Pankaja writes about the video she made of an Indian sannyasin who loves, and is very good at Tai Chi.
I came to India in December last year also to spend time in the Osho Meditation Resort. My favourite thing about being there is doing the morning tai chi class in Buddha Grove with Raj. So I did that every day, but the idea of being in India without making a film was not on! I love tai chi, and Eknath has that delicious flavour of paradox that I find irresistible…
Eknath was already one of the top students when I started doing tai chi with Raj (then Yogendra), must be 10 years ago. He’s small, quiet, gentle, and used to come every morning to the tai chi or chi gong class before going to his work in the telephone exchange. After 4 o’clock keener or more ‘advanced’ students would meet with Yogendra to practice sword and sabre forms, and Eknath would always be there too. I was really impressed with him because he was such an unassuming person – and didn’t seem to be at all the sort of type to do martial arts, but he was really good!
I remember once his father came to visit, also a really gentle, sweet man, with that same Indian heartfulness. We were all (about 7 of us) learning a sabre form to perform during a festival, and I couldn’t get it right. Eknath went over it with me again and again to help me remember the moves, which helped a lot, though what probably helped most was that we did the performance in darkness, just lit by candles, so my mistakes were well camouflaged!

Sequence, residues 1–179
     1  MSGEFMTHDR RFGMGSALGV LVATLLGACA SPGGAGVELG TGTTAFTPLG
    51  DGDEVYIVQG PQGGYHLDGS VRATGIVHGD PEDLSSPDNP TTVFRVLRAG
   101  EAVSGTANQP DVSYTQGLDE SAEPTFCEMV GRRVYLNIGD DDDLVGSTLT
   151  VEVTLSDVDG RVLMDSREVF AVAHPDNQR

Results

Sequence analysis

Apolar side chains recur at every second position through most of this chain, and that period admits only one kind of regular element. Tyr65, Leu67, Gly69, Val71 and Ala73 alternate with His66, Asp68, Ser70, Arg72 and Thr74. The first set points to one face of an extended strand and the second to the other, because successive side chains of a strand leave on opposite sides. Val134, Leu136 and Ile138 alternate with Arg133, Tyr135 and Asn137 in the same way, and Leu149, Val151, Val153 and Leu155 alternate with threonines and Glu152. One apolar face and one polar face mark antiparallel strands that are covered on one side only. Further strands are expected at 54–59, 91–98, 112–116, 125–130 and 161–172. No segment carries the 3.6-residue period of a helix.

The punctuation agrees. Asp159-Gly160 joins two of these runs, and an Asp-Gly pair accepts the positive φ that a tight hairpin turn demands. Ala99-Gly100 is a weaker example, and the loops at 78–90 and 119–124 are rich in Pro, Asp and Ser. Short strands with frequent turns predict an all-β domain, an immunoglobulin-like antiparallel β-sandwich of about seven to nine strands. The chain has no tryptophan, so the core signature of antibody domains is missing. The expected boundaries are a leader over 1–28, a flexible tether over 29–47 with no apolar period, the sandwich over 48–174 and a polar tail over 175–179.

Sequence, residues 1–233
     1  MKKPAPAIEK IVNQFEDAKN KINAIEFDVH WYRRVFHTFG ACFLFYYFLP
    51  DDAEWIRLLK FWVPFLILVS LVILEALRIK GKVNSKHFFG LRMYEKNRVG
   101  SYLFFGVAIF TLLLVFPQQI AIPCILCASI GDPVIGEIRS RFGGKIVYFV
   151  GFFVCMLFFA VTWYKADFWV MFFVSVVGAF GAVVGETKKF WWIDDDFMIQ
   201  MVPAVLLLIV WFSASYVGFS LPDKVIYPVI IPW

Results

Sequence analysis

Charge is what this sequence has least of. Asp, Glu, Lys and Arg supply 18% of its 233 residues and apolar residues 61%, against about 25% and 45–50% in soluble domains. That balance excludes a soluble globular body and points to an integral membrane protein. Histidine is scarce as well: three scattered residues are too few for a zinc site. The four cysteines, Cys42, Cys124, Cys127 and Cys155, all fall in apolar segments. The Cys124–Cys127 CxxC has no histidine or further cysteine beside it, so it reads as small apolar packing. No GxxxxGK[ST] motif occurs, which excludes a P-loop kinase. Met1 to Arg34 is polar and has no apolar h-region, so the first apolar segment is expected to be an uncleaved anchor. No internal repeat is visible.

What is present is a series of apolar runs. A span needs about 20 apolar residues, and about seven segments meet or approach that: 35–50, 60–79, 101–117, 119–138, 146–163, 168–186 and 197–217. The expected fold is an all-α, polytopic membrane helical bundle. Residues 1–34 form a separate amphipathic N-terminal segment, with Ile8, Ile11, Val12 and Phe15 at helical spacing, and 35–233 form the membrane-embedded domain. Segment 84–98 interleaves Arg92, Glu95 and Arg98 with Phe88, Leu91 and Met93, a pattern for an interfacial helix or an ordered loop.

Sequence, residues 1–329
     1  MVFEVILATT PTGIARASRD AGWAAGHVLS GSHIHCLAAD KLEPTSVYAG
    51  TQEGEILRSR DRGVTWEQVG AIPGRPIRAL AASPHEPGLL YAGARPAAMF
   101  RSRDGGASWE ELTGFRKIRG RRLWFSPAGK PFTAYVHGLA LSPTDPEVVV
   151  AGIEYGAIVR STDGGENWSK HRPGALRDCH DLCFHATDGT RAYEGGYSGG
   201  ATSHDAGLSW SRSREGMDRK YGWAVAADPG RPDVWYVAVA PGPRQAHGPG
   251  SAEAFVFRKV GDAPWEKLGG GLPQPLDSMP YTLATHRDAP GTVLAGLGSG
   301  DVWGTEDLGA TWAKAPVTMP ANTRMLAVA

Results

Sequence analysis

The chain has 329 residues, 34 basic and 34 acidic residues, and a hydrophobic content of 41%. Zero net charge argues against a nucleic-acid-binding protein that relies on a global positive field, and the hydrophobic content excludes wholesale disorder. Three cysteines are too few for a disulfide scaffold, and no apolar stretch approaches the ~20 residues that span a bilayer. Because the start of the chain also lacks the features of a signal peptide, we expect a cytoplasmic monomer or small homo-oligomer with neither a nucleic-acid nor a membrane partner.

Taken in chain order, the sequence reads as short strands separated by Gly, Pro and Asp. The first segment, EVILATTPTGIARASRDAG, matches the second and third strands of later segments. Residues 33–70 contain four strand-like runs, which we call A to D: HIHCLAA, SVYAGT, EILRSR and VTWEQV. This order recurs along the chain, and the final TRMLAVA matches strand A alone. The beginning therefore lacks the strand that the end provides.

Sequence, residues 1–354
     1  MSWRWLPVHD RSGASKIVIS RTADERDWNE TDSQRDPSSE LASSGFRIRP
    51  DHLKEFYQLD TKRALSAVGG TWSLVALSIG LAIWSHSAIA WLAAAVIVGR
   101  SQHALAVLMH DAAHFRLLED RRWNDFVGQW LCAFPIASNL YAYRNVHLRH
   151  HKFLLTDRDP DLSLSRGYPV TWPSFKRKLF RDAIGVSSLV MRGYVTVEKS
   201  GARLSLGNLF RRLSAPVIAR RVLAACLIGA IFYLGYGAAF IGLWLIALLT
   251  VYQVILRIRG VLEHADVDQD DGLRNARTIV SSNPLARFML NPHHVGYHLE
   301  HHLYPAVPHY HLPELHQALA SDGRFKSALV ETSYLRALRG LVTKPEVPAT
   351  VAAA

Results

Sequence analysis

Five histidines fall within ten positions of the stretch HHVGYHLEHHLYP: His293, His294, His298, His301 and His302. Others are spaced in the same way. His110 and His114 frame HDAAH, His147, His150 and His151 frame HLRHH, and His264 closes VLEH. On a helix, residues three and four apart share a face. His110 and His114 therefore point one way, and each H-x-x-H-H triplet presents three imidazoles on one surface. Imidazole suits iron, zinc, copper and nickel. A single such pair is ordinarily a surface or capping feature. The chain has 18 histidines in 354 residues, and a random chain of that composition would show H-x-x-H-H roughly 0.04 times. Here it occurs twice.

I’ve never met any other sannyasin called Eknath – but just remember Osho’s story about the musician who would only play the flute alone, in the night. He was the greatest musician of all, but to hear him you had to wait silently, by the river, in the darkness… It was this contrast between the quiet man working in the telephone exchange, and the ardent student learning these gentle yet powerful movements that made me want to make a film about him.
It was great that Raj helped us to film in Osho Teerth park, and I could film him doing push hands with Eknath, and talking about how in Pune we try to make tai chi into an energy art, a meditation, rather than a martial art. I also recorded doctor Manish playing the flute, as a musical accompaniment.
Text and video by Pankaja
Pankaja (Panky) spent a year studying at the very first London Film School and wrote 4 published novels before taking sannyas in the early seventies. She has been part of Osho’s communes, mainly in Pune, until Osho left his body. After several years travelling around various parts of the world she settled back in London. Now that it is possible to shoot and edit an entire film by oneself she has resumed that longed for career. Her films have been shown at film festivals round the world, a couple receiving a Special Mention. pankajabrooke.com